The election of Donald Trump has given an ideological boost to the most aggressively rapacious of the ruling class and their free market media figures.
But tens of thousands of people will take to the streets across the US this weekend to oppose him.
Trump has boasted of using his wealth and fame to grope women. He has suggested overturning the Roe v Wade national guarantee of legal abortion.
This has angered many and led to the calling of the Women’s March in Washington on Saturday.
As well as the economic aspects of his election there is the impact on refugees and other migrants.
There are also attempts to mainstream racism, sexism and homophobia.
Trump’s election has energised the right wing. He ran a racist campaign, and many hard and soft racists voted for him on that basis.
But only a minority of his voters voted for him because they were racist.
Worse than the small groups of racists who embraced Trump were the larger groups of working class non-racists who went along with that racism for other reasons.
Trump’s appeal was that he was an outsider who campaigned to drain the swamp and do things differently. Meanwhile Hillary Clinton was the personification of doing things the same.
Even some people who disagreed with the outrageous things Trump said felt that at least he spoke his mind.
A significant minority of these Trump voters voted for Bernie Sanders in the Democratic primary, and many could be won back to working class politics.
Clinton’s failure to inspire anyone was key to Donald Trump’s election. I argued against a vote for Clinton, and still would.
Clinton was a friend of Wall Street, the ultimate politics insider, and a leading hawk in the Obama administration.
She was perfectly happy mouthing a few pro-working people phrases, and saying, “Tax the rich and rein in Wall Street” when she felt she had to.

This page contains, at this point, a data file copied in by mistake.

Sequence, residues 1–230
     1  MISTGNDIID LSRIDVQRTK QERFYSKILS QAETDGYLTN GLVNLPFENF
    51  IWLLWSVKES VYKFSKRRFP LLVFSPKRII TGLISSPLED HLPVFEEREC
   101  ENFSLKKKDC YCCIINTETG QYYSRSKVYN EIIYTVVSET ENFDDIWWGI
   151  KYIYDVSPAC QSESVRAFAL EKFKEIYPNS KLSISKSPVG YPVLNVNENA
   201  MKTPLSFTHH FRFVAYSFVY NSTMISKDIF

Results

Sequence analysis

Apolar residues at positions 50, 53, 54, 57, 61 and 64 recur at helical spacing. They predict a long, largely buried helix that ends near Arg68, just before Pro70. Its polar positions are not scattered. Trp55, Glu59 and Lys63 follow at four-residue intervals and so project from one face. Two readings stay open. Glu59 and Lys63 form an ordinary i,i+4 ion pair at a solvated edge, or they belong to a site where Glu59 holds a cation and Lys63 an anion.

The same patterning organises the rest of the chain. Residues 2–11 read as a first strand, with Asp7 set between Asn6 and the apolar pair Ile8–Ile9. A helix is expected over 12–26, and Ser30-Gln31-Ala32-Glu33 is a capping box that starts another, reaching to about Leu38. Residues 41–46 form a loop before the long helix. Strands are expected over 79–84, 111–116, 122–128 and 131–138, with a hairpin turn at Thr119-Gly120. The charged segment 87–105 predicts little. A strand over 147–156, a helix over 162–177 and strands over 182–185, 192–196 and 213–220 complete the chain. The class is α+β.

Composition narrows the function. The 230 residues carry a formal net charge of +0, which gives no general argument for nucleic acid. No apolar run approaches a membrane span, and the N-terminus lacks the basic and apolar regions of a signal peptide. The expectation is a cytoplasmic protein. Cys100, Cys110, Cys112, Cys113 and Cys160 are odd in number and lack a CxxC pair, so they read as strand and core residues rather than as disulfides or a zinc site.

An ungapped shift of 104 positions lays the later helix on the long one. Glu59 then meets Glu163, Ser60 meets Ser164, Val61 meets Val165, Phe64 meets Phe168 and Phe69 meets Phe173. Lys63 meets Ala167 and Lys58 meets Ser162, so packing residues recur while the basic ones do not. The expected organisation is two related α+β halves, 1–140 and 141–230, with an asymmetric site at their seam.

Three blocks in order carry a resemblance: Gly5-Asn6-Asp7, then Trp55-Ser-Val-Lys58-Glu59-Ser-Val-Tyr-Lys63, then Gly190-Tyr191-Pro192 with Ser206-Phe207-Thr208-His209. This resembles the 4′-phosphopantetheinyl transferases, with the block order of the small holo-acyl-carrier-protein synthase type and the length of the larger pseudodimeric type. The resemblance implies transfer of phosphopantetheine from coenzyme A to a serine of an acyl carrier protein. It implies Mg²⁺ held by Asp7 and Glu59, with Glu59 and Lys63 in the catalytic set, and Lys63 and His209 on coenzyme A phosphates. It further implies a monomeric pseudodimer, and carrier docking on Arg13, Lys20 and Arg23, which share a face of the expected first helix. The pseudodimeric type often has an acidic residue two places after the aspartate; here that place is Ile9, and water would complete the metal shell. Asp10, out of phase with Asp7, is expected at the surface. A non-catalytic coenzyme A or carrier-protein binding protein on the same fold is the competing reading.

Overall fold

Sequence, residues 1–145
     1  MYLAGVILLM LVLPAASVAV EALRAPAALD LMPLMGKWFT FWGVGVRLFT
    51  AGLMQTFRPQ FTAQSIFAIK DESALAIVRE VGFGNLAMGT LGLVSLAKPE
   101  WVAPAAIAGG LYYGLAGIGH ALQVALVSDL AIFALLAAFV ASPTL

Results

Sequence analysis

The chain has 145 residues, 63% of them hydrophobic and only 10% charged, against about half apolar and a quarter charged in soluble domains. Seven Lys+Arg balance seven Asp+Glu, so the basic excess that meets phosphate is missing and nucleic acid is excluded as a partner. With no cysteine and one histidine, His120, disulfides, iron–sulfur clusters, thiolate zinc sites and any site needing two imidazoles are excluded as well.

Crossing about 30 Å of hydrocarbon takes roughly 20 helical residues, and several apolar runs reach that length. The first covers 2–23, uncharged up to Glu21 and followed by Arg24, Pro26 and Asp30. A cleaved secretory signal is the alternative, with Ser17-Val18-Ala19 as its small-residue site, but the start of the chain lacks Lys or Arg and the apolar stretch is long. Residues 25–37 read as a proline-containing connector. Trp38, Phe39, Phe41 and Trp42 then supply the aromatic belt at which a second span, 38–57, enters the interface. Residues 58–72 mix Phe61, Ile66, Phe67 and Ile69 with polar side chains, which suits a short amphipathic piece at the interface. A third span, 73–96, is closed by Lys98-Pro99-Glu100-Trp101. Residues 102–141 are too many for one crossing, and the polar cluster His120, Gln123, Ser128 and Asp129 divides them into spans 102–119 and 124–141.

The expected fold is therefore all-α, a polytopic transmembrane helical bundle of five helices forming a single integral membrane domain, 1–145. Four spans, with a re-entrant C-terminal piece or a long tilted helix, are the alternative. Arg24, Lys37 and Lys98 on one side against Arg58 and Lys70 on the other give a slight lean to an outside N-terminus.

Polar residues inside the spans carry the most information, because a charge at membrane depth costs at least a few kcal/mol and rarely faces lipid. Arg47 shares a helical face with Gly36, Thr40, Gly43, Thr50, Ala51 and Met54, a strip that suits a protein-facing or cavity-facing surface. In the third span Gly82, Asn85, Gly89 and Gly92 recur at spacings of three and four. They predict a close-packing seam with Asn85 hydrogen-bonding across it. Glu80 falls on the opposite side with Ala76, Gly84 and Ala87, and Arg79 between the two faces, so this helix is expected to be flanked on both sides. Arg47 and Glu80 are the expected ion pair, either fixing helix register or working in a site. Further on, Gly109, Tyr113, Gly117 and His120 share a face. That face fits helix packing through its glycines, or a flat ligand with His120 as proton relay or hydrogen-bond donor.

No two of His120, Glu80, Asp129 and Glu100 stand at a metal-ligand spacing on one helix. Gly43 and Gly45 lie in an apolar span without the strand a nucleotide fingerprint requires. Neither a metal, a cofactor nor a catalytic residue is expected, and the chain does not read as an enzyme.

But she didn’t mean any of it. Her administration would have been horrible for the working class, and for world peace.
Working class people had to fight no matter who won—and we should resist Trump. The working class is not well organised, not very confident and not in struggle at the moment. However, mobilisation can limit how far Trump can go.
I have seen more people looking to enter activity after the shock of the election. Whether this will be big enough or fast enough is another thing.
There are not nearly enough links between activists and the unions locally. The media linked Trump’s election with the “white working class”.
This has not helped middle class activists or Black Lives Matter activists to reach out to unions or look to a general working class strategy.
There are some attempts at community-based self-defence, talk of black anti-racist patrols, and so on.
This is an important emerging movement the left should support, but not in a way that will exaggerate the fear.
We should keep in mind that victories on gay marriage and transgender rights started from defensive struggles. Fifty years ago the Black Panthers were born out of self-defence.
But the movement needs to be linked to more aggressive and generalised struggles.
Many of Trump’s alienated working class voters will be very disappointed in his administration and his handouts to the rich. What happens with that disappointment rests on two main factors.
First is the timing of what happens in a Trump administration and the economy. What will happen with jobs? Will the disillusion be sudden and collective, or gradual, individual and demoralising?
The second factor is the mobilisation of the left and any public activity by the organised working class.
The march on Washington for Trump’s inauguration and the many demonstrations the same day are an important start.
But they will only be effective if used to build up confidence and continuing activity when folks go home. To my eyes it is not apparent that any forces with enough weight to do so are really working to do this, yet.
A third factor is that the non-electoral right may think Trump is not going their way enough.
Explicitly racist groups, anti-immigrant groups, the ex-Tea Party, and the Christian fundamentalists may try to capitalise on working class disappointment.
This is a major danger. And it cannot be fought by trying to win people back into voting for a Democrat again.
If the discredited mainstream is seen as the only left alternative to Trump, people will be more likely to move further to the right when rejecting Trump.
It is crucial to point out the ruling class interests behind this millionaire, and the necessity of united working class based resistance in the workplace and outside.